Ok, not really. I just think it’s odd that no sooner than I started my blog with a mention of record high gas prices, PRICES STARTED TO DROP. Yippeee. I’ll keep going if you all don’t mind. $9 per barrel drop in 10 days. Pretty sweet.

BTW did you know the proverbial barrel of oil is only 42 gallons? So at $140 per barrel, we have $3.33 per gallon cost of raw materials. $4.10 at the pump sounds like a bargain. Just Kidding.

Summertime Blues?

Is there a cure for the Summertime blues? An old pop song once claimed there was NOT. Ah, but these times they are a changing…. (Dylan I believe). Gas reached an all time high of $4.11 per gallon, national average. Depending on the press you read, we are seeing prices climb for building materials, consumer goods, loaves of bread, and even movie tickets (I understand Hancock kicked you know what at the box office this weekend). Is there no end in sight?

Well, as naive as it may sound…what can you do about it? Yes, we can get out to work for and vote for the party and the candidate(s) we think can influence things. And that is a good start. But what about making our own individual contributions by way of good old fashioned hard work. Yes, I mean get up each day, get to work on time, clock a full day’s work, then go home and do it all over again. I am writing this at 7:00 p.m. Sunday night. That is my personal time, at least on the clock I live by for the moment. What I mean is, I am not doing this on company time or while a client’s meter is running. I am burning my own time to lay this down. Tomorrow, when I resume my daily chores I will be focusing time and energy with my clients. No web surfing, no junk email day dreaming, etc. No texting. Wow, you must be reeaallllyyy old Dude. No Dude, not reeaalllly. Just practical. Think about it.

Have a great week. Do something new and wild this week. 



July 4th

OK today IS the day. July 4th, 2008. Great day of celebration, family, food, fireworks, and fun.  Most of my gang was here today including new in-laws who joined our family by virtue of a beautiful wedding held May 31. One of our sons married a sweet and wonderful soul mate of a bride. This was our first 4th as the new clan. Great times.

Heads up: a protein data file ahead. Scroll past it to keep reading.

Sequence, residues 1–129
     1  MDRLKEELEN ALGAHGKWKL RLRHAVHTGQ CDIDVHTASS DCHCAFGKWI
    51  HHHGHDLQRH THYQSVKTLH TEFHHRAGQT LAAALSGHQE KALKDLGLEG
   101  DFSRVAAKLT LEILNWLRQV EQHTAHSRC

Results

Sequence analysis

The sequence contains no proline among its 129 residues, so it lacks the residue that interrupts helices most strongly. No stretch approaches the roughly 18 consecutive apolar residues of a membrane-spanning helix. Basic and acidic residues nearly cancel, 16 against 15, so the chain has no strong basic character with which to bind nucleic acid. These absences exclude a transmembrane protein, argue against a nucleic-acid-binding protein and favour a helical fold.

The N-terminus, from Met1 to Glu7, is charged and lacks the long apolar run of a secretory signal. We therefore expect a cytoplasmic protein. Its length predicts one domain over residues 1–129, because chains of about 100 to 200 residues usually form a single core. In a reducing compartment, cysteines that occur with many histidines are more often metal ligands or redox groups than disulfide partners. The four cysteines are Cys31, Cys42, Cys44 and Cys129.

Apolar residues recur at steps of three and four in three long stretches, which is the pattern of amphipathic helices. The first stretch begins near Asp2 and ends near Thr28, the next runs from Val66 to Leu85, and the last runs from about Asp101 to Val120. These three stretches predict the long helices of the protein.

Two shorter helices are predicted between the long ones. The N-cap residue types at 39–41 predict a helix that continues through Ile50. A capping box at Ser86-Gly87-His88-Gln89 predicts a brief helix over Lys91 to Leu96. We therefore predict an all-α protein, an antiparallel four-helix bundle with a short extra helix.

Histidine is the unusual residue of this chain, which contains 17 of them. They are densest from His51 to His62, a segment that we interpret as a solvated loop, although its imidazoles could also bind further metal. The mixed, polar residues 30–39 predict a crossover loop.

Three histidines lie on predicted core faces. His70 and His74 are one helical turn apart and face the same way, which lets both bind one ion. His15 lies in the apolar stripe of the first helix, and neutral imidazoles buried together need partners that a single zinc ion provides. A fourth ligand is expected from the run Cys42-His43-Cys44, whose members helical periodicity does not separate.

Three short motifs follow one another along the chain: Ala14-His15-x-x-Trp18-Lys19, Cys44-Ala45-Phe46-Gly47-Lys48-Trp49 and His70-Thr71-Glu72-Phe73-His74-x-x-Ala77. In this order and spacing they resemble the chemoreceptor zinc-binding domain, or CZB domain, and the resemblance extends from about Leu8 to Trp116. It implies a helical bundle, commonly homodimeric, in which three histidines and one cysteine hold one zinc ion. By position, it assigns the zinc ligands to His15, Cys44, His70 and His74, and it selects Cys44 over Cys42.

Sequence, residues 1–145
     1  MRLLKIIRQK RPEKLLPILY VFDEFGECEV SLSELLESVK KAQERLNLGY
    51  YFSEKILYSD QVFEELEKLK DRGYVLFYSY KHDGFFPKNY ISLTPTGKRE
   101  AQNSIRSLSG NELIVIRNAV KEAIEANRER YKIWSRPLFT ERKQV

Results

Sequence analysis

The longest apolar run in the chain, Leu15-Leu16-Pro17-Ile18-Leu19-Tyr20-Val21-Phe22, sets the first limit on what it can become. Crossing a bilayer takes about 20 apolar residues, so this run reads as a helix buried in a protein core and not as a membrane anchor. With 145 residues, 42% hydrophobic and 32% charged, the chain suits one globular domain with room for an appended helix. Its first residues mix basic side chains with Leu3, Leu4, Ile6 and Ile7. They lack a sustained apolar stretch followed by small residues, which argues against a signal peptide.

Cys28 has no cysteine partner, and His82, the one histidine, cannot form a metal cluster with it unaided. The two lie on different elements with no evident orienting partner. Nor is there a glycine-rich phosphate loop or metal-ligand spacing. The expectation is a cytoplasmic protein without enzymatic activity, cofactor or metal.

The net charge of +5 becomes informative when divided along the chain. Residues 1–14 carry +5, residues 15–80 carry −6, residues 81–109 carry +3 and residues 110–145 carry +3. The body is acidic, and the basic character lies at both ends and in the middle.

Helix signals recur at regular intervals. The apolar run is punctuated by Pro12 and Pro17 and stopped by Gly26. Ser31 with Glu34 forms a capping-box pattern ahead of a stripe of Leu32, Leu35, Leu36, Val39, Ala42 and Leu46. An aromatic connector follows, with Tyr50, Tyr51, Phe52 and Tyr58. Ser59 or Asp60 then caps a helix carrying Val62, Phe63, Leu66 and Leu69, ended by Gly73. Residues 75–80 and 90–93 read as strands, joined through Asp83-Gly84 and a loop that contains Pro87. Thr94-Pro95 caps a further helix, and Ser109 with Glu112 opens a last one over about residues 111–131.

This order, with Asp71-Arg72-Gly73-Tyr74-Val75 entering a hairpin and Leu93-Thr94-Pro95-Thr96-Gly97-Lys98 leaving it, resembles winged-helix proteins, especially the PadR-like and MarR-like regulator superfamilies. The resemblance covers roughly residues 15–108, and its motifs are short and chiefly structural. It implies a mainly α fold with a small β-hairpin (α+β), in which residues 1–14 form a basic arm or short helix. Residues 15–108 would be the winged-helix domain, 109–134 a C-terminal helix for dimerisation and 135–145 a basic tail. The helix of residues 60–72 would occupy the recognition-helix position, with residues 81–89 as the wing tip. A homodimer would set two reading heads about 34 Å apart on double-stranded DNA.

As the kids have grown (I have 5), they of course have conflicting events they must block on their calenders. My wife and I get that. So we miss them, but do not brood over it. Quite the contrary. We celebrate with them their newly expanding lives. We actually enjoy our empty nest a bit too much perhaps some would say. But it works for us.

Today though was a great day of super food, fine fellowship, and all around fun.

Independence Eve – Is That A Holiday too?

Tomorrow is July 4th, US Independence Day. Most (not all) US citizens know and understand the meaning of July 4th. Children get excited about fireworks, parades, picnics, ice cream, watermelons, soda, and funny characters dressed up in garb of red, white and blue. But have you ever thought about what our forefathers may have been thinking on July 3rd, Independence Eve? They knew what they were contemplating the next day. Meetings had been held and discussions leading into sometimes violent debates ensued. But when July 3rd came around, most of that was now behind them. It was time for the pregnant anticipation of the birth of a new nation.

I just wonder what those guys were thinking the night before signing day. Did many of them sleep? Or had they started their celebrations. I am sure some historians somewhere have the answers to my questions. I mean these questions to be more rhetorical than not. Does the average American today think much at all about the things our founding Fathers thought. I fear not. The gene pool of pure American spirit has been too diluted with generations of idealism that has become compounded by so much independence that hardly anyone agrees in the concept of the common good. It’s all about “me”.

Ok, where did this missive go off course? Back to the point… I am just curious why we don’t have July 4th Eve like we have Christmas Eve. Heck, at Christmas time, lots of families do more on the eve than they do the day of Christmas. Why don’t some of us do that for July 4th too? Surely something was going on in the hearts and minds of the guys who gave us July 4.